Sunday, January 17, 2021
Along with the rest of the legal world, we were saddened to learn of the death of Shirley Abrahamson, retired Chief Justice of the Wisconsin Supreme Court, who passed away in late December. Justice Abrahamson was a trailblazer in many respects, not least because of her status as the first female justice of the Wisconsin Supreme Court, as well as its first female Chief Justice.
However, we also remember her for her commonsense understanding of the role that international and comparative law could play in deliberations at the state court level. State court judges -- who regularly survey unfamiliar state jurisdictions other than their own -- are already comparatists, she noted in a widely quoted address delivered at Hofstra Law School in 1996. In the address, she went through the exercise of examining how a Wisconsin case on informed consent might benefit from comparative examination. She continued:
"Why shouldn't our experiences as American comparatists embolden more American lawyers and judges to explore the law of non-American jurisdictions in the same spirit? Why shouldn't we take advantage of the comparatist instincts learned in our law schools and practiced in our courts by venturing farther afield? Indeed, we can cross the divide separating us from other jurisdictions around the world. And if we do so with the modest intent to borrow ideas on classifying, discussing, and solving a particular problem, we should not be deterred by unfamiliarity with foreign legal systems. We may fail to understand a particular system of law or even misinterpret some foreign decisions. Nevertheless, we may also find unexpected answers or new challenges to domestic legal issues."
Justice Abrahamson concluded:
"[L]ike it or not, the world is now our courtroom. The question confronting our courts as we approach the year 2000 is whether we are willing to do what it takes to be world-class players."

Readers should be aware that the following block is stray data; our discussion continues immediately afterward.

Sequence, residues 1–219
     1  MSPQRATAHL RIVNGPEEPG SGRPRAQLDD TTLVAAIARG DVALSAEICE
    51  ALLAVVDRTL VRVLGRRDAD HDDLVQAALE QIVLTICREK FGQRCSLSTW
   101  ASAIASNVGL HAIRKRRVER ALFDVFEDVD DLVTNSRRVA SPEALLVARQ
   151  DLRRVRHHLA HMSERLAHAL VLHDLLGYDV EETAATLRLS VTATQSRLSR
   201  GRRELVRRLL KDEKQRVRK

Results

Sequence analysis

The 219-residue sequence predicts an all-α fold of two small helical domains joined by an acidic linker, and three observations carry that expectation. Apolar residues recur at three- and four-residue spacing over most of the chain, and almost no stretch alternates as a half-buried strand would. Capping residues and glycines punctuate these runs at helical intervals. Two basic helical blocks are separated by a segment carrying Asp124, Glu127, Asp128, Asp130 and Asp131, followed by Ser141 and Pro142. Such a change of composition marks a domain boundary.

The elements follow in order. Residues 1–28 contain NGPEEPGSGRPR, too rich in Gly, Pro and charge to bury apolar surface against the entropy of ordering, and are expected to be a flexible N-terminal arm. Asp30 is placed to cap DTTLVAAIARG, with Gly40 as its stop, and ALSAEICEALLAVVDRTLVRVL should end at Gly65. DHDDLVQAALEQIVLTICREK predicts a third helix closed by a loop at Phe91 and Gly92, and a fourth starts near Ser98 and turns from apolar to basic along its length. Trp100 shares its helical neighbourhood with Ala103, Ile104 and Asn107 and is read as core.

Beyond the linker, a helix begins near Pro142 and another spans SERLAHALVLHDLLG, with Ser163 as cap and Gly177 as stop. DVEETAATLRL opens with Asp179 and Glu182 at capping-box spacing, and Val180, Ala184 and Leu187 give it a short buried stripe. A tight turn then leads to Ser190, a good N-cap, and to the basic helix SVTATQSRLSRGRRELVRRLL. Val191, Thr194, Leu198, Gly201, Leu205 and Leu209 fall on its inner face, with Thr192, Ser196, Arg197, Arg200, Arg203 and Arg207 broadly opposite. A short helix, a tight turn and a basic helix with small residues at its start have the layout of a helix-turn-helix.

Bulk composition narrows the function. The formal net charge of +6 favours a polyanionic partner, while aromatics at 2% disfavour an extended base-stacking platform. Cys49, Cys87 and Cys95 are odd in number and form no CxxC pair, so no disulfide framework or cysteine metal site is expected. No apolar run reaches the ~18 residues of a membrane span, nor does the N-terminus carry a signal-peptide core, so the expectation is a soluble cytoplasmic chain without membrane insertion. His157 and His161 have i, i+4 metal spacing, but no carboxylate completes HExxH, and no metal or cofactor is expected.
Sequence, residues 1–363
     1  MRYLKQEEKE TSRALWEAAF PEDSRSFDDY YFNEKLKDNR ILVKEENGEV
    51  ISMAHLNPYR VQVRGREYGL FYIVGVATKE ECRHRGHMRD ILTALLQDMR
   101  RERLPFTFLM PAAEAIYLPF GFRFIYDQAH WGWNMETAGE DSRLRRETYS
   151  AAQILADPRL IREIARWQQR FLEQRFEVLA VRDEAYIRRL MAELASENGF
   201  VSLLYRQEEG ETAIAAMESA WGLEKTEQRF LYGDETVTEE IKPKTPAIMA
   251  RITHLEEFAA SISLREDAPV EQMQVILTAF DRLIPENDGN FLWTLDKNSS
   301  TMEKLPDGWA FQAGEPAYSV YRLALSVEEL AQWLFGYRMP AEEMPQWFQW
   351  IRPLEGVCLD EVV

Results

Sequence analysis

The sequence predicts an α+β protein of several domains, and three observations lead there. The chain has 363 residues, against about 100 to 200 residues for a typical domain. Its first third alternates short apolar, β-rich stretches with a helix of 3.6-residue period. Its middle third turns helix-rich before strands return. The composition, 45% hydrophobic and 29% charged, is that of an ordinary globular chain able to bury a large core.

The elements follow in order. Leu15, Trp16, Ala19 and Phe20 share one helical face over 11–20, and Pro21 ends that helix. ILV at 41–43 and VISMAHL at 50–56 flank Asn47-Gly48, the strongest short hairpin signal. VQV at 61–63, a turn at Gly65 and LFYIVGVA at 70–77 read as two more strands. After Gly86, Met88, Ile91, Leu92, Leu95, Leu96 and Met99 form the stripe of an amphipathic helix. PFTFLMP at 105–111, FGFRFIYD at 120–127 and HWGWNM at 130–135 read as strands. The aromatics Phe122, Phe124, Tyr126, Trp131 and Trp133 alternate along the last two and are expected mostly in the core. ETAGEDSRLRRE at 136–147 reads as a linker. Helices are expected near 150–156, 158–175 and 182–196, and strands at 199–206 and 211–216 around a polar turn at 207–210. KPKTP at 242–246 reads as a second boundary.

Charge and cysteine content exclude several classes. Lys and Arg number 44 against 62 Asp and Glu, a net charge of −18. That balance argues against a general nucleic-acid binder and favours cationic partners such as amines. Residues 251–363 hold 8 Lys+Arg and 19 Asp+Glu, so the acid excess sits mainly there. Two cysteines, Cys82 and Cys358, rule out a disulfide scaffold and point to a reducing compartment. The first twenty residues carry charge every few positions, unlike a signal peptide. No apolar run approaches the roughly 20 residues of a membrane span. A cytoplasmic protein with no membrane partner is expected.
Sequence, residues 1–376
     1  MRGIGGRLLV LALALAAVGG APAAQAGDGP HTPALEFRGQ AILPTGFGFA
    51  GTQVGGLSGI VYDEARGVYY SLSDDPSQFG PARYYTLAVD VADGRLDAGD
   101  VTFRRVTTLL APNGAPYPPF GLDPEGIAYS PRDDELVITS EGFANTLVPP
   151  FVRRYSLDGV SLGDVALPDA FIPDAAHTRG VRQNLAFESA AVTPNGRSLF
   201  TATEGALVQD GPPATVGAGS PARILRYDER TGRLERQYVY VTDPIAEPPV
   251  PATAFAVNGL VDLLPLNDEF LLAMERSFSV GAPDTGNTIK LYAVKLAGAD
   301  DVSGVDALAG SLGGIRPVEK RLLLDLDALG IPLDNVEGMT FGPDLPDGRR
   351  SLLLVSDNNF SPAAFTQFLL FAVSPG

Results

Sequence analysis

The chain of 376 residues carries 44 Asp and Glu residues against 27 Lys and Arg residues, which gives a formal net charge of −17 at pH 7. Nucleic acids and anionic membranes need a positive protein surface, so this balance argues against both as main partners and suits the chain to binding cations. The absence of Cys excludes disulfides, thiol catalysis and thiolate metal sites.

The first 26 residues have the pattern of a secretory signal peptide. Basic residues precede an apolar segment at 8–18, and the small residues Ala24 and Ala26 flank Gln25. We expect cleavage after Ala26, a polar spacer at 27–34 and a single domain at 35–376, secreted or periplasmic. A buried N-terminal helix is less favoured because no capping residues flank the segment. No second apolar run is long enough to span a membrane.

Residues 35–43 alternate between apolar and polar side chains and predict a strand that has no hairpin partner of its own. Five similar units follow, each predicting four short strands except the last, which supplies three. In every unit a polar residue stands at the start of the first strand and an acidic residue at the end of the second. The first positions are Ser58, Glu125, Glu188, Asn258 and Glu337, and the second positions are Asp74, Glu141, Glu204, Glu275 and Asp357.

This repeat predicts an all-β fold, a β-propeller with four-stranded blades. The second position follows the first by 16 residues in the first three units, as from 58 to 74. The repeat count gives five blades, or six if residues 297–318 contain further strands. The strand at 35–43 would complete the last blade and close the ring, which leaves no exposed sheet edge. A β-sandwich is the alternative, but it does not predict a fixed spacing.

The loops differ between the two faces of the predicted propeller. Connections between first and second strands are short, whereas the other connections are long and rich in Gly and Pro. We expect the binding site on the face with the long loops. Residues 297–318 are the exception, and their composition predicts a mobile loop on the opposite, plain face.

In recognizing the benefits of comparative law on the state level, Justice Abrahamson -- the daughter of Polish immigrants to the U.S. -- joined other prominent state court jurists with international perspectives, such as the late Oregon Justice Hans Linde (born in Germany) and Massachusetts Chief Justice Margaret Marshall (born in South Africa).
Like other jurists, Justice Abrahamson never suggested that foreign law was in any way binding, but simply that it could be a rich source of ideas. She put that intuition into practice more than once. For example, in addressing a petition from Wisconsin Legal Aid in 2011 to establish a civil right to counsel in the state, she noted:
"The importance of an attorney to real justice is recognized in numerous statutes (including 12 in Wisconsin) and decisions in the United
States and in other countries. The European Court of Human Rights and many other countries grant a right to counsel, in one form or another, in
civil cases. At least forty-four countries do so."
The Wisconsin Supreme Court ultimately denied the petition while approving creation of a pilot program, but advocates have continued to press the issue through subsequent petitions, legislative efforts and litigation, including through appeals to comparative law. The media has picked up the issue, noting (comparatively) the successful impact of New York's civil counsel program in preserving housing for low income people.
As Chief Justice Abrahamson recognized, comparative law, whether foreign or domestic, can be both a source of ideas and a powerful motivator. We mourn her passing.